You're going to find that a lot of your cast are dictated by your setting and plot. If your universe comes from a real place on earth at a real time, you'll have to adhere to the social structures that were implicated at the time (such as the Edo period in Japan or the Edwardian times in London, England. These social structures can be comforting in that they offer you an element when building your cast. If you're writing about a war ship, you'll need a military crew. If you're writing about a tiny village off the coast of Scotland, you'll need people like a constable, doctor, school teacher, and pub owner. At the same time, you may also find that social structures of particular times and places can be quite constricting. In the 21st century, we have begun to strive for equality amongst the sexes, religions, classes, and lifestyles. If you're going to adhere to the rules of a particular timeline, you will have to swallow the bitter pill that some of your best characters may have to fall underneath the harsh rules of that area. Homosexual characters, characters of color, various religious characters, and poor characters will often fall into dangerous social traps. Your greatest tool, when facing this obstacle, is research. How did homosexuals in 1900's England deal with persecution and find love at the same time? How did Black Americans deal with the racist violence of the 50's? What education systems did the poor try and implement in order to better their children's future? These sorts of details, while painful to write about, can add incredible depth to your characters. Likewise, remember that you will have characters with prejudice and racist fall-backs.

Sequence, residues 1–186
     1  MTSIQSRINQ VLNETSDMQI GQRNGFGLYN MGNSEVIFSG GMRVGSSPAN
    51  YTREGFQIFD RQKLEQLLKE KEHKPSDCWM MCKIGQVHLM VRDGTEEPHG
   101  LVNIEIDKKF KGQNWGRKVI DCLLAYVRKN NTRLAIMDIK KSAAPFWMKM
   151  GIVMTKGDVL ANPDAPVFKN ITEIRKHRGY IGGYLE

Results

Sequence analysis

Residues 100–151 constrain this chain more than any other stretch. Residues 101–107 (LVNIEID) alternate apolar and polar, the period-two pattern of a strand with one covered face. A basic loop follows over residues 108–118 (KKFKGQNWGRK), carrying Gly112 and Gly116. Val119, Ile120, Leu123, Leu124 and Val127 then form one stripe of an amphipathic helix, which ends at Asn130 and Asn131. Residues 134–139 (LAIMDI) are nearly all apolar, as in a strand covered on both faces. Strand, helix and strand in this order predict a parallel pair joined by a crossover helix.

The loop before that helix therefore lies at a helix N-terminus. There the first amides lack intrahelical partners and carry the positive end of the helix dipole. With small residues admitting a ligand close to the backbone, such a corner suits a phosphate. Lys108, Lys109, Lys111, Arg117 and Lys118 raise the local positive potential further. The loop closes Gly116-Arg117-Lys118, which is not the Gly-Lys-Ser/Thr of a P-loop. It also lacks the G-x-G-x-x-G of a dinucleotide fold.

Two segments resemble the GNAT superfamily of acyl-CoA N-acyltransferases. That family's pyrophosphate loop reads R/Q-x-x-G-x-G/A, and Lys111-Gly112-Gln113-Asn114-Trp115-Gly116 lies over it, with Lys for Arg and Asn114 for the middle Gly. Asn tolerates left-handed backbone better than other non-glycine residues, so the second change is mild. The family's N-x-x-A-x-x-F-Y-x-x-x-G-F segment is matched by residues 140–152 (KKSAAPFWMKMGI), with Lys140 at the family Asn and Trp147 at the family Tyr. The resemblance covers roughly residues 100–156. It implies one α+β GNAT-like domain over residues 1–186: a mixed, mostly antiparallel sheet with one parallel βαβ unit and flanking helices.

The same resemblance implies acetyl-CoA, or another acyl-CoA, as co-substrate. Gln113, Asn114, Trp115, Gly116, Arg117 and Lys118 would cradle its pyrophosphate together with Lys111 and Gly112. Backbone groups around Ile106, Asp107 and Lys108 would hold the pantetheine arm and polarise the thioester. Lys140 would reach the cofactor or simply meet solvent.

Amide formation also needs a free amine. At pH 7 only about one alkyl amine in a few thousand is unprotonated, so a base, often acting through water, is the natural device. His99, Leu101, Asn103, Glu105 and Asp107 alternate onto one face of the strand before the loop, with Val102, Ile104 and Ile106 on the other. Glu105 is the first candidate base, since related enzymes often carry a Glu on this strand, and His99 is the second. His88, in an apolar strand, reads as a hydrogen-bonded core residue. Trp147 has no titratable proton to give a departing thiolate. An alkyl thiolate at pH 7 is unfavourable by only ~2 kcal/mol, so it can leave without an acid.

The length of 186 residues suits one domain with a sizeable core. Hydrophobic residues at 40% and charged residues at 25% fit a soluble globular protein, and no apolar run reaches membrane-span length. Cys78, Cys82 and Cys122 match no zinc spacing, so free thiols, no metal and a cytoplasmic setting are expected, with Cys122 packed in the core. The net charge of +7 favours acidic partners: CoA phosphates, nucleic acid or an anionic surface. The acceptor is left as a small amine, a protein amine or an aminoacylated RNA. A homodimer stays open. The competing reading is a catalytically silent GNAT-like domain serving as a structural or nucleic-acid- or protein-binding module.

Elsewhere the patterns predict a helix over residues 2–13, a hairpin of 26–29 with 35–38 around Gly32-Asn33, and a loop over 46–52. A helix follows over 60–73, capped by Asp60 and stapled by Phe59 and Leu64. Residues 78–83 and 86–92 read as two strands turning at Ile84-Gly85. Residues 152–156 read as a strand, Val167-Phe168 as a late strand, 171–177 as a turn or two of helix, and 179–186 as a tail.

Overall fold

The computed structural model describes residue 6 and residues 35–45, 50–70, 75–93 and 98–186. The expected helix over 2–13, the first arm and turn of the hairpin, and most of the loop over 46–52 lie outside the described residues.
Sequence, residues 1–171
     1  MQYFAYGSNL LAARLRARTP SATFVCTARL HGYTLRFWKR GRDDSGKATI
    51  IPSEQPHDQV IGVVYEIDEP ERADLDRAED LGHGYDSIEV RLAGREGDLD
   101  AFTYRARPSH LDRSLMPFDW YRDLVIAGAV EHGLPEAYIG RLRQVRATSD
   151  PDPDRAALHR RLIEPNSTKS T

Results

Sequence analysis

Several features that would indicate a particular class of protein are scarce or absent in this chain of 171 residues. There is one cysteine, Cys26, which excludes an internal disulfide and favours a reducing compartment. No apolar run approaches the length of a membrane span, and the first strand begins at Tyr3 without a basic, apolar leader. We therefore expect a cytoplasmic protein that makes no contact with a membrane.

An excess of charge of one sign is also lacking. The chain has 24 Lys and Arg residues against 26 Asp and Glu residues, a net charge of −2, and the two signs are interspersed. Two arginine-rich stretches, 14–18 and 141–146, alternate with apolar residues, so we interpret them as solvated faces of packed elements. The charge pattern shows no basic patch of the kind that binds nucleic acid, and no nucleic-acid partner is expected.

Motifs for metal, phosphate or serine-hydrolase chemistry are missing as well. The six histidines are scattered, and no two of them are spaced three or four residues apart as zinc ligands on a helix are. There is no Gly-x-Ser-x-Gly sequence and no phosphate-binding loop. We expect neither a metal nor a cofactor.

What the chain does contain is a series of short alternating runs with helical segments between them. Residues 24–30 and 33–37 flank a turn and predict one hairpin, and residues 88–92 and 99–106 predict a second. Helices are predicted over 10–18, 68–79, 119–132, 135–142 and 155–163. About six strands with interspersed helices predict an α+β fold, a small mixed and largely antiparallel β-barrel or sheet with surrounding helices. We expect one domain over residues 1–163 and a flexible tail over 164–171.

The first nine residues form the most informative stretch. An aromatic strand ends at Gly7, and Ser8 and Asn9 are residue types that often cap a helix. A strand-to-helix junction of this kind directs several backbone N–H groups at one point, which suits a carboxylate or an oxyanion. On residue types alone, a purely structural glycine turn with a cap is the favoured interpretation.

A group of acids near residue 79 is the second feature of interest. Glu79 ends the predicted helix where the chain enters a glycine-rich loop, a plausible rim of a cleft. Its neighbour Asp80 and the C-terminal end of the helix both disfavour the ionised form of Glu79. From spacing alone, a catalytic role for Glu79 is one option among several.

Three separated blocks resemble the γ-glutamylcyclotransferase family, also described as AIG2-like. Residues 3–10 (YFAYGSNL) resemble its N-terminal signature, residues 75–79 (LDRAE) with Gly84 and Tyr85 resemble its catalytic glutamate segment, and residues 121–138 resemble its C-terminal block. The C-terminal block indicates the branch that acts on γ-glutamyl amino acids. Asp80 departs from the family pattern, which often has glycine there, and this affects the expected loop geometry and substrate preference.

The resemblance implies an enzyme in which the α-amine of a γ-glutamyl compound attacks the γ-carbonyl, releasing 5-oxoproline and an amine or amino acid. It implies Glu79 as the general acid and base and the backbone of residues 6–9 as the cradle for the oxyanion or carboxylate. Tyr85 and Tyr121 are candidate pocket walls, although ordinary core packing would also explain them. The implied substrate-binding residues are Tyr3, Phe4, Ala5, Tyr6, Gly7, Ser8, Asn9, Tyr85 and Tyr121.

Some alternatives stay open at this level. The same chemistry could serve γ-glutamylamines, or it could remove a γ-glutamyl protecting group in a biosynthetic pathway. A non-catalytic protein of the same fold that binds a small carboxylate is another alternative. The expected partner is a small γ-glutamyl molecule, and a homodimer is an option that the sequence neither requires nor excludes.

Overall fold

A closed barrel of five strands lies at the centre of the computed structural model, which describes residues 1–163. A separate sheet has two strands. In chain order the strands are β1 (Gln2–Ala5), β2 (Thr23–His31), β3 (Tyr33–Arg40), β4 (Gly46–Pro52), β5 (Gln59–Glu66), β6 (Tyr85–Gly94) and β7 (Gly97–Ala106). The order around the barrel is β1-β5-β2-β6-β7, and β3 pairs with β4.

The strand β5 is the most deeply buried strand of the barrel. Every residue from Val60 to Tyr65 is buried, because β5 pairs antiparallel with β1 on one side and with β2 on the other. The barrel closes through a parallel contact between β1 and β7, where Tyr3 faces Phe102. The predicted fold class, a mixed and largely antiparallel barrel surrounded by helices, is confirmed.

Remember the golden rule: A character that is perfect cannot grow. Do not set yourself up for failure by creating a character that has never failed.
There are hundreds of articles online on how to build your cast; I won't touch on that topic just yet. Instead, I'd like to focus on single characters in particular and how we build them. I'll offer you a template in the next post, one that I've used many times in my own works, and then show you an example of a character that I've built off of it.